A/c train From United Kingdom, joined Jun 2001, 501 posts, RR: 4 Reply 3, posted (12 years 9 months 2 days 15 hours ago) and read 1422 times:
On the A300 600R there is a PTU on the blue system driven by the green system which is used in event of a left engine failure or on the ground and there is also one on the yellow system , the pump output on the PTU is about 90 1/min at standard system pressure 3000 psi .
Oldman From United States of America, joined Sep 2006, 0 posts, RR: 0 Reply 4, posted (12 years 9 months 2 days 15 hours ago) and read 1419 times:
Airtrain, JG answered that post above yours. 3000 PSI. Period! He did not want to know any more detail. I'll bet if everyone would look before they leap and just reply to specifics this forum would download much faster.
HeavyJet From , joined Dec 1969, posts, RR: Reply 5, posted (12 years 9 months 2 days 14 hours ago) and read 1422 times:
I agree that some people seem to try and impress everyone with their system knowledge by adding superfluous information which exceeds the original poster's question. However, I can just about guarantee the next question from someone would be, "what's a PTU?".
Couple of things...
First, since just about EVERY subject has been discussed to death on these forums. I think it would greatly cut down on the number of post if folks would simply do a "search" before asking a question.
What's a 16-20 yr old doing with a Airbus FCOM and why would you want to spent your free time reading one? Doesn't anyone get out and play sports anymore?!?
FDXmech From United States of America, joined Mar 2000, 3251 posts, RR: 36 Reply 6, posted (12 years 9 months 2 days 12 hours ago) and read 1413 times:
Something odd yet consistant I've noticed with the G/B & G/Y A300-600 PTU's (HeavyJet, perhaps you can check this on your aircraft).
When I run for example the green/blue PTU, the green system is 3000 psi but the blue is 3100 psi. This is odd in the fact that the green system is driving the blue sys. Conventional wisdom being that the system being driven wouldn't produce more pressure than the system driving it.
Oldman From United States of America, joined Sep 2006, 0 posts, RR: 0 Reply 7, posted (12 years 9 months 2 days 12 hours ago) and read 1410 times:
HeavyJet, I agree with you 100% At the start of the forum it says for advanced professional and knowledgeable amateurs. We both remember when this stuff was relevant. All the numbers and pressure settings etc. Then that took a back seat, and oral questions would be, "What is the oil over heat limit? Ans. in the red. And now not even that, just click a page and the system displays right there. Who cares unless your going to build one!
By the way, you must have a day off? Thought you guys slept all day? Regards, Oldman
Sabenapilot From Belgium, joined Feb 2000, 2712 posts, RR: 48 Reply 12, posted (12 years 9 months 2 days 1 hour ago) and read 1383 times:
I don't know if you know this, but in general the hydraulic pressure on all planes is around 3000 psi!
This has everything to do with the fact that this provides you with a good/fast operating system shaped into acceptable dimentions and with a fairly low weight.
Lower pressure would reduce the weight of the system due to the fact that is has to be less strong, but it would also reduce the efficiency and increase the response time.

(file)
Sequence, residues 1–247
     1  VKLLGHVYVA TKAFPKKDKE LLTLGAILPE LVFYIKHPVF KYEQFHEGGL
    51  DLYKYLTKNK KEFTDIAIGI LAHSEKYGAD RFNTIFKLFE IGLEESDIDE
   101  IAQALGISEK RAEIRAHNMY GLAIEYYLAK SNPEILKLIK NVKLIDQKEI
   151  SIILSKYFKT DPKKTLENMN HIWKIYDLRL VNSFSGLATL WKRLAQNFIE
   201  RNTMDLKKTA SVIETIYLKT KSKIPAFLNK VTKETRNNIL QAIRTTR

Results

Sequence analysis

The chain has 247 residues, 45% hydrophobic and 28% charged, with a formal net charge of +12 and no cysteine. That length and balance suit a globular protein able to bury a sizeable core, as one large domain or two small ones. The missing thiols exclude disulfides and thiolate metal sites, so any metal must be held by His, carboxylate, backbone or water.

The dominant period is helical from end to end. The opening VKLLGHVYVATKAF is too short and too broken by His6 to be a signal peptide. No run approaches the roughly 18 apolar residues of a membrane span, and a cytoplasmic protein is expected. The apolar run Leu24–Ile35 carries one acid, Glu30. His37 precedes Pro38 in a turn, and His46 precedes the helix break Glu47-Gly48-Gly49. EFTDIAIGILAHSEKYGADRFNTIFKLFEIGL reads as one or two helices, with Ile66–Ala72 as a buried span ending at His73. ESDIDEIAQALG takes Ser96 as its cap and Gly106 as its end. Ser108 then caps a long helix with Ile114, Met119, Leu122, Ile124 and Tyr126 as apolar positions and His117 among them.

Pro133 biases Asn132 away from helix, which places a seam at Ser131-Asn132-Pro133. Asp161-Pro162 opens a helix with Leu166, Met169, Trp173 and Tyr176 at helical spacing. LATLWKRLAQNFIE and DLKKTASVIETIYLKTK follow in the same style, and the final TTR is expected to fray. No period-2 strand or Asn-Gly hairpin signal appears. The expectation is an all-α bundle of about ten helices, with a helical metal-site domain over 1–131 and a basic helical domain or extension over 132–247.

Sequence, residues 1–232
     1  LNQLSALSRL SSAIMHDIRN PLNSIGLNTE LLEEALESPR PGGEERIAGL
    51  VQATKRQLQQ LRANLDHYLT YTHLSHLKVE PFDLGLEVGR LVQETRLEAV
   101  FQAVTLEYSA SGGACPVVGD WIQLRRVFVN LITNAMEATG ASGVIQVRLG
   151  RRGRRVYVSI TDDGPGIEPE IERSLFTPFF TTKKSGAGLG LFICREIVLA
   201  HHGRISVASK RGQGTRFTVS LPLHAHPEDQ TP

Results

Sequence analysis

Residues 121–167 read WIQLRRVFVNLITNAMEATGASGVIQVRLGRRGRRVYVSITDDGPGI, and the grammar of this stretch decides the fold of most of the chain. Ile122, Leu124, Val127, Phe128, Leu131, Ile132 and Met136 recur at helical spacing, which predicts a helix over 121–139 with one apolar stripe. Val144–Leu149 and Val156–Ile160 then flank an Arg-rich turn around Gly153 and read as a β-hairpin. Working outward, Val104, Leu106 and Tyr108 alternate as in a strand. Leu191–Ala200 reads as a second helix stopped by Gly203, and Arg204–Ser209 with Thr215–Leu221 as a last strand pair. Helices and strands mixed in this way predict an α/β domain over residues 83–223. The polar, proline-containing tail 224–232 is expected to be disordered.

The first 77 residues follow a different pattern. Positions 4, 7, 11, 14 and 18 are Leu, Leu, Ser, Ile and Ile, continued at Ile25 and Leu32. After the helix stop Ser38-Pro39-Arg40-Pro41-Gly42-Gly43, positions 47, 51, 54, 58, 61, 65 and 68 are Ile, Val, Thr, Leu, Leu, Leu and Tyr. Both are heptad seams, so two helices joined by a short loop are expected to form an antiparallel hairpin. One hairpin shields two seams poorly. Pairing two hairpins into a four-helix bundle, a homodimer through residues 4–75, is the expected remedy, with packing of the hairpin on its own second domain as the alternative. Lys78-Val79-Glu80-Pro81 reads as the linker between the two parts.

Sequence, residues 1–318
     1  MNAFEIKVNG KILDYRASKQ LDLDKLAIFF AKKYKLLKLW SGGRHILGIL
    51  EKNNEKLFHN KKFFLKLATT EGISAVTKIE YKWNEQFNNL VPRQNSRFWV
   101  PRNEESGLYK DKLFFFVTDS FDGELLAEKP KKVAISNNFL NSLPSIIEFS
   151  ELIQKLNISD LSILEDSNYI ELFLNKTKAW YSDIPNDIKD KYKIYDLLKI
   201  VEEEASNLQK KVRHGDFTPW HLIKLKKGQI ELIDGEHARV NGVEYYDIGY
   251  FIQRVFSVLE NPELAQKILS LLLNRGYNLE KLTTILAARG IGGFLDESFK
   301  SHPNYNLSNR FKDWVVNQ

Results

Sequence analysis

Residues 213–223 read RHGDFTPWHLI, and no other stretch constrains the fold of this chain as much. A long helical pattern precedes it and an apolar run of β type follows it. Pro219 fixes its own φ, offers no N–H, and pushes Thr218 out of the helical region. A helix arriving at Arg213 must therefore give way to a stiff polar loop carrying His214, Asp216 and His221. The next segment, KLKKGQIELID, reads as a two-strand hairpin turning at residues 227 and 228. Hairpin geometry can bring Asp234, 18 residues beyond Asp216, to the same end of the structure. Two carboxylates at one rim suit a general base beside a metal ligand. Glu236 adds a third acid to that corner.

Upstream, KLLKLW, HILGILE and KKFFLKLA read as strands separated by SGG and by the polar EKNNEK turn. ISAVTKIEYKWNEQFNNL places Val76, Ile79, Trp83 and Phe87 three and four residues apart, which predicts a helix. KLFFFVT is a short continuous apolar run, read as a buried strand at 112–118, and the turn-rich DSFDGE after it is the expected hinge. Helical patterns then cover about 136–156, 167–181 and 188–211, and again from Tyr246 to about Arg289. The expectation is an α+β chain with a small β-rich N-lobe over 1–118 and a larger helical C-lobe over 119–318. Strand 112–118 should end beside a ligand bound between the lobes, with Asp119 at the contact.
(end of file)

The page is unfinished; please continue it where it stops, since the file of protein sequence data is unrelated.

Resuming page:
Higher pressure would reduce the response time and increase the efficiency, but it would also force us to make the system much havier in order to resist the higher pressure forces.
VC-10 From United Kingdom, joined Oct 1999, 3691 posts, RR: 35 Reply 14, posted (12 years 9 months 2 days ago) and read 1382 times:
Airbus PTU's are gutless compared to DC10 reversable motor pumps. I recall in my A310 days trying to function chk the Wing Tip Brakes. With the flaps & slats operating on the elect pumps & PTU there was not enough press left to actuate thw WTB's. On the DC10 you could operate all the high hydraulic flow rate flight controls at the same time and not loose more than about 750 psi.
Regarding training I remember when I took my RR Spey type licence the CAA surveyor gave me a sectioned picture of the Combined Acceleration & Speed Control Unit (FCU) and I had to explain how it worked. These days if you ask an instructor how something works you are told "just fine"
Oldman From United States of America, joined Sep 2006, 0 posts, RR: 0 Reply 16, posted (12 years 9 months 1 day 18 hours ago) and read 1364 times:
Off we go again? Please read the original question, then the first reply by someone named JG. Then please read the reply by HeavyJet. A simple answer was all the orig. post asked. Let us all not try to re invent the wheel. Cheers
A/c train From United Kingdom, joined Jun 2001, 501 posts, RR: 4 Reply 19, posted (12 years 9 months 1 day 14 hours ago) and read 1353 times:
Hey lets not make this into a winging forum us amateurs are on the site to learn from the people who have been there and done it, but I do agree the awnsers should be brief and just to the point and I dont have an A300 FCOM and I certainly have limited system knowledge I have just learnt it.
Avt007 From Canada, joined Jul 2000, 2132 posts, RR: 5 Reply 22, posted (12 years 9 months 1 day 7 hours ago) and read 1343 times:
Oldman,heavyjet; If everyone restricted themselves to doing searches, or one-answer posts, this forum would shrivel up and die. As it is , you can check it once or twice a week, and little has been posted. If someone asks a question previously covered, you aren't obligated to answer! If folks want to put in their two cents worth, more power to them! What else is this site here for?